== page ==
The Centipede was happy quite
Until the toad in fun
Said, Pray which leg comes after which?
This wrought her mind to such a pitch
She lay distracted in a ditch
Considering how to run
THE CENTIPEDE STORY is disturbing. We usually like to think that thinking and understanding are, by definition, good things to do, and that, in particular, they are useful in learning. But the centipede came to grief by thinking about her own actions. Would the same thing happen to us? Does this mean we should give up thinking about ourselves? In fact, in our "rational" culture, the notion that thinking impedes action, even that thinking impedes learning, is quite prevalent. It is our usual way of talking about learning to ride a bicycle: "Keep trying -- one day you'll just 'get it' " is standard parental advice to children struggling with the twowheeler.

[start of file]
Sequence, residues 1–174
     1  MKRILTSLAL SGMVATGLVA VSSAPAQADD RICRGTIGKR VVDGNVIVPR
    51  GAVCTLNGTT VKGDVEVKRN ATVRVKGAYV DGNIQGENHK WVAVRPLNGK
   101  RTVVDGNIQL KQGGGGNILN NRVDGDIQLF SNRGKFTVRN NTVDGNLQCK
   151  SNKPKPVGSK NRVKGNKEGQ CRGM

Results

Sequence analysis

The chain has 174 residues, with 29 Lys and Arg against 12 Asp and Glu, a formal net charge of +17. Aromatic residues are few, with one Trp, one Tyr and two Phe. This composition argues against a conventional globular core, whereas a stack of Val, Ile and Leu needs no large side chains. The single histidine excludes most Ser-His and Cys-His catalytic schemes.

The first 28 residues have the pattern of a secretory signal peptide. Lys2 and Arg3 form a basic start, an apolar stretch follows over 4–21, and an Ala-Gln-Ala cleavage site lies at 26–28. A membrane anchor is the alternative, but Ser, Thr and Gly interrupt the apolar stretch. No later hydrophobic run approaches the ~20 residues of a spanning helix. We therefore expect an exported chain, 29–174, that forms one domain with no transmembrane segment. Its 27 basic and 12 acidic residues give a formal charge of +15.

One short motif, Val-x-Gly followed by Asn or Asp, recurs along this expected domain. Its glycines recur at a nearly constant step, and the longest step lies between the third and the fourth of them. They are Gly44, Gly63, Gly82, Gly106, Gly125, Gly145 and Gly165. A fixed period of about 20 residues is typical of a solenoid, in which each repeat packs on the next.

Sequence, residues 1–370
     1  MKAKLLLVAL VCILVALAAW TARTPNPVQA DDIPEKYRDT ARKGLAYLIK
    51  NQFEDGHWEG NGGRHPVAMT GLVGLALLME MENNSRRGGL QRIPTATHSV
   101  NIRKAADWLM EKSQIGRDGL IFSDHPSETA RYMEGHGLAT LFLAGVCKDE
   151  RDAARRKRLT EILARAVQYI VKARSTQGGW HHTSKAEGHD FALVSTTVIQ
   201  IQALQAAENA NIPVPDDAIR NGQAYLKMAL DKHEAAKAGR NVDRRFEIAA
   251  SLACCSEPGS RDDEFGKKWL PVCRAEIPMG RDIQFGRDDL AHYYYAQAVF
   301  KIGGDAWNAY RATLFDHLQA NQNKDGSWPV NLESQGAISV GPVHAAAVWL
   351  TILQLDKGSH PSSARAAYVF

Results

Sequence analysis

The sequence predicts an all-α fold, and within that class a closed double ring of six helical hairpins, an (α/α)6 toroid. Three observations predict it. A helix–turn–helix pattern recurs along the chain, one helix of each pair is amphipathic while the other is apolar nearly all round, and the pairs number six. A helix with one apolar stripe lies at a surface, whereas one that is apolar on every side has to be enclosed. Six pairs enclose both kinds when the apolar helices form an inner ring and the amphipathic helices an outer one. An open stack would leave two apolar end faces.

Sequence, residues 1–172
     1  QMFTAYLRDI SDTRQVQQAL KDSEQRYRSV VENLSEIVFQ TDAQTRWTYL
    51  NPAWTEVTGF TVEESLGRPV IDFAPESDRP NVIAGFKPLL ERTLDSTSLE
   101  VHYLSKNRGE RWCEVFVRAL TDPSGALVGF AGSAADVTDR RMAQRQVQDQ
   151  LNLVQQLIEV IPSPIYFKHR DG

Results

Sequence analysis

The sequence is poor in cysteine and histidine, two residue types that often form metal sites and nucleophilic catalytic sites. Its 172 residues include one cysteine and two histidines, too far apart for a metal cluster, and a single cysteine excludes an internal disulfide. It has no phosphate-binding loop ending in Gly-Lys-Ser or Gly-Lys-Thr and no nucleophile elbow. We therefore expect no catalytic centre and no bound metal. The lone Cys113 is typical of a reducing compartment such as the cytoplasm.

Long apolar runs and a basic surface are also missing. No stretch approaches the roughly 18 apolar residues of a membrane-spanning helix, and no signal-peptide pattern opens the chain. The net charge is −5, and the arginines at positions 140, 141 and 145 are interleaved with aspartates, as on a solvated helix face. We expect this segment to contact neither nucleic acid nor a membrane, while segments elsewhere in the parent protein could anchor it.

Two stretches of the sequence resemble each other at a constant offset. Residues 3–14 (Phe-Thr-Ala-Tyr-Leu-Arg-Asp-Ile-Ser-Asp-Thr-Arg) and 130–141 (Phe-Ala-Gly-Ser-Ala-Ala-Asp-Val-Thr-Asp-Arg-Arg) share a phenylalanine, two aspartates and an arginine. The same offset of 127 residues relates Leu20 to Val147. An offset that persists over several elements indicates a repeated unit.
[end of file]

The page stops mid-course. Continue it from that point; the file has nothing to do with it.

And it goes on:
Many philosophers have developed the idea that some knowledge